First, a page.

Hi Maureen!  Sorry, I don't have either of those books.  Other than open source books I've downloaded, which show a variety of basic stitches by not the finer points (not one of them tells you how to start or finish a thread, for instance, and they almost all assume you're working with tape, not cordonnet), I have only one lace book, which is Pat Earnshaw's Identification of Lace.  However, if you're not good with diagrams, I'm pretty good at figuring things out from a close up picture of a stitch, especially if a little instruction goes with! 

Teri, I use the traditional couching, not fil de trace.  I've never tried fil de trace, but from the diagrams I've seen, I think it works best for patterns with sharp corners and geometric designs, where the largeness of the couching stitches doesn't matter because the outline thread is going to be pulling taut against one side of them.  (Does that make sense?)  For curvier designs, I think small couching stitches and the traditional method are better suited. 

As for my cordonnet, I'm no expert.  For my Damask Flower, I was using a larger thread for cordonnet than for the rest of the lace, so I didn't double up.  I started by couching down one end of the thread while the other end was still wound up in its ball.  I outlined an element of the design, taking a route that left no intersections unlinked to each other. When I neared the end, I cut the thread just long enough to overlap its start.  However, the Damask flower was actually pretty simple to outline because it was made of detached silhouettes: a leaf here, a petal there.  Few intersections. 

In the rooster, I am using the same size thread for cordonnet as for the stitches, so I am doubling up.  What I did was probably not the easiest way... I started the same as last time, treating it as a puzzle to see what route would hit all the right points, twice, without tripling threads.  Eventually, though it became impossible to proceed without cutting, since I came to a point where I had to double back at an intersection instead of crossing it.  So I cut a very long piece and threaded it under the existing threads (to secure the intersection) before looping back.  I overestimated how much I'd need to finish, and ended up with a lot of extra, but that was okay because I'm using the same thread for the lace.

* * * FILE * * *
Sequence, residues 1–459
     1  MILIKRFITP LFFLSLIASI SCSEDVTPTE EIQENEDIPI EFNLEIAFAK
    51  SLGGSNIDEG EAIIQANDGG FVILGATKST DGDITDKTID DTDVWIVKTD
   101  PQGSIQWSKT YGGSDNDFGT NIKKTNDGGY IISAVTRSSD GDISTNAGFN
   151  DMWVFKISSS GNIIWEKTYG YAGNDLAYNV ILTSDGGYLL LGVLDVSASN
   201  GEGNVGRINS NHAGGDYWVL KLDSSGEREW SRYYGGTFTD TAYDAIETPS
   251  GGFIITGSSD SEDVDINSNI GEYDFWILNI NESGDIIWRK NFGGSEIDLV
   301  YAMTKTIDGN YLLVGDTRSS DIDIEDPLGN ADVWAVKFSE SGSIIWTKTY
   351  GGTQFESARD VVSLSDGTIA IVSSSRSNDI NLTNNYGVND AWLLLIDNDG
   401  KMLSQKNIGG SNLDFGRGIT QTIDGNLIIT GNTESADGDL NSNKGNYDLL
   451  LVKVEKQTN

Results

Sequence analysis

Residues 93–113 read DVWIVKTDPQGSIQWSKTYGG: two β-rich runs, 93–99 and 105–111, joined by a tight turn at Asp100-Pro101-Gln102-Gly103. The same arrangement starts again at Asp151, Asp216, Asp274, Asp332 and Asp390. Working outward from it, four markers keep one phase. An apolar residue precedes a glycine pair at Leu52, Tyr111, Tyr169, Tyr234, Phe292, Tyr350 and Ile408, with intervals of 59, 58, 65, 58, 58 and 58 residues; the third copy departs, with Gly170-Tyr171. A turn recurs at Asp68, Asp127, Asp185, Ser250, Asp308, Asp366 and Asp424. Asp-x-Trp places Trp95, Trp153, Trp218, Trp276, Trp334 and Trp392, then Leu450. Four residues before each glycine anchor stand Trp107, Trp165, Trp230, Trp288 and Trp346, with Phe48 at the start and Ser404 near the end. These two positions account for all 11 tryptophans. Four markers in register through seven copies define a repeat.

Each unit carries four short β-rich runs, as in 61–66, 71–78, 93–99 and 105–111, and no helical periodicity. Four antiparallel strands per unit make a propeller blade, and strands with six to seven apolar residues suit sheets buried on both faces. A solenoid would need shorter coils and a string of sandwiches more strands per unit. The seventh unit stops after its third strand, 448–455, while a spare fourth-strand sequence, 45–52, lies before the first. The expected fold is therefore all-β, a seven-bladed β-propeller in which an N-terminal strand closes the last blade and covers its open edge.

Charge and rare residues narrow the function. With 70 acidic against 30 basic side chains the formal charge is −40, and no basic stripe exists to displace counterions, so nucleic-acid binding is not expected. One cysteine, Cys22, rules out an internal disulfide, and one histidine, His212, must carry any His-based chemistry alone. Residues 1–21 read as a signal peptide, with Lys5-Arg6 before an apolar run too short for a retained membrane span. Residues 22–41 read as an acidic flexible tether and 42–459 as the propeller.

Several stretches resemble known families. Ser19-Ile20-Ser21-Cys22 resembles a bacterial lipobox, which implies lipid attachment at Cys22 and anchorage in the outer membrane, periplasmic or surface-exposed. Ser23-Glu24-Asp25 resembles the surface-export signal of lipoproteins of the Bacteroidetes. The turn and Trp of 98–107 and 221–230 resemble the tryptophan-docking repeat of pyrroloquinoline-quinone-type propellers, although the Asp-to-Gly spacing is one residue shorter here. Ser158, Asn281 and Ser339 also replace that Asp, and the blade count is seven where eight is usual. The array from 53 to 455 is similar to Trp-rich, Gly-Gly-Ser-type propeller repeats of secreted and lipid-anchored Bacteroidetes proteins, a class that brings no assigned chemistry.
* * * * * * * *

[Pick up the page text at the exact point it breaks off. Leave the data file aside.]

So no, alas, no shortcut for pre-measuring the cordonnet.  I wonder now, though, if it would be possible to do the whole cordonnet without cutting until the very end.  When we get to the places where we have to double back and leave an intersection unlinked, could we tie them together on top of the trace, with a few knots of all-purpose thread?  That would hold the intersection together, and I don't think it would be too bulky once it was all done and covered up. 

So, in this rough sketch, 1 is no good, 2 and 3 are good, but what about 4? 

Hi Karen. Am just about to start a lace class. I will write you some instructions and download a piece of stitch rye in the morning if that is ok, unless someone does it first. Might even be able to do you a diagram in the morning.

Thank you!  I appreciate your time and effort! 

hi Karen one starts with doubled thread securely positioned.

Dashes:

represents single thread, slip under the 'u ' and brought back to 'u'and always threaded underneath.

When ending threads, take each thread back on itself and couch down.

The end should be the beginning...

Hope this helps.

Stitch with a slit - if you know the name, I may be able to find you a copy.